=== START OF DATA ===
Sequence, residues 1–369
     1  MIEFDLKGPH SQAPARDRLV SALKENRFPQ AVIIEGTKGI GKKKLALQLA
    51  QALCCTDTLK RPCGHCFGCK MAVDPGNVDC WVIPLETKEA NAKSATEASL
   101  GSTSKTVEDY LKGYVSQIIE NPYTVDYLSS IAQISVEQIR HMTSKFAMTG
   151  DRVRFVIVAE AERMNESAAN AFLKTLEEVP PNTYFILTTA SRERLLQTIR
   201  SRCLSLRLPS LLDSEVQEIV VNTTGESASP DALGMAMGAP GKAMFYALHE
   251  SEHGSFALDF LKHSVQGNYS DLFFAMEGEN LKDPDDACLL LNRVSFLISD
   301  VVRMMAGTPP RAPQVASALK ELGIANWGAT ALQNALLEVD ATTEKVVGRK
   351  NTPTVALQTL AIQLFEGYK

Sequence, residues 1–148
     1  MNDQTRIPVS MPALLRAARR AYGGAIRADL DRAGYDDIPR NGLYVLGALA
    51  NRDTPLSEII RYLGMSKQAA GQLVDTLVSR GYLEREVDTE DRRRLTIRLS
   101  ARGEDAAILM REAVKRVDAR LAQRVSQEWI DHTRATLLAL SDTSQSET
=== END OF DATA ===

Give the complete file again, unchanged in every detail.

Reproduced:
Sequence, residues 1–369
     1  MIEFDLKGPH SQAPARDRLV SALKENRFPQ AVIIEGTKGI GKKKLALQLA
    51  QALCCTDTLK RPCGHCFGCK MAVDPGNVDC WVIPLETKEA NAKSATEASL
   101  GSTSKTVEDY LKGYVSQIIE NPYTVDYLSS IAQISVEQIR HMTSKFAMTG
   151  DRVRFVIVAE AERMNESAAN AFLKTLEEVP PNTYFILTTA SRERLLQTIR
   201  SRCLSLRLPS LLDSEVQEIV VNTTGESASP DALGMAMGAP GKAMFYALHE
   251  SEHGSFALDF LKHSVQGNYS DLFFAMEGEN LKDPDDACLL LNRVSFLISD
   301  VVRMMAGTPP RAPQVASALK ELGIANWGAT ALQNALLEVD ATTEKVVGRK
   351  NTPTVALQTL AIQLFEGYK

Sequence, residues 1–148
     1  MNDQTRIPVS MPALLRAARR AYGGAIRADL DRAGYDDIPR NGLYVLGALA
    51  NRDTPLSEII RYLGMSKQAA GQLVDTLVSR GYLEREVDTE DRRRLTIRLS
   101  ARGEDAAILM REAVKRVDAR LAQRVSQEWI DHTRATLLAL SDTSQSET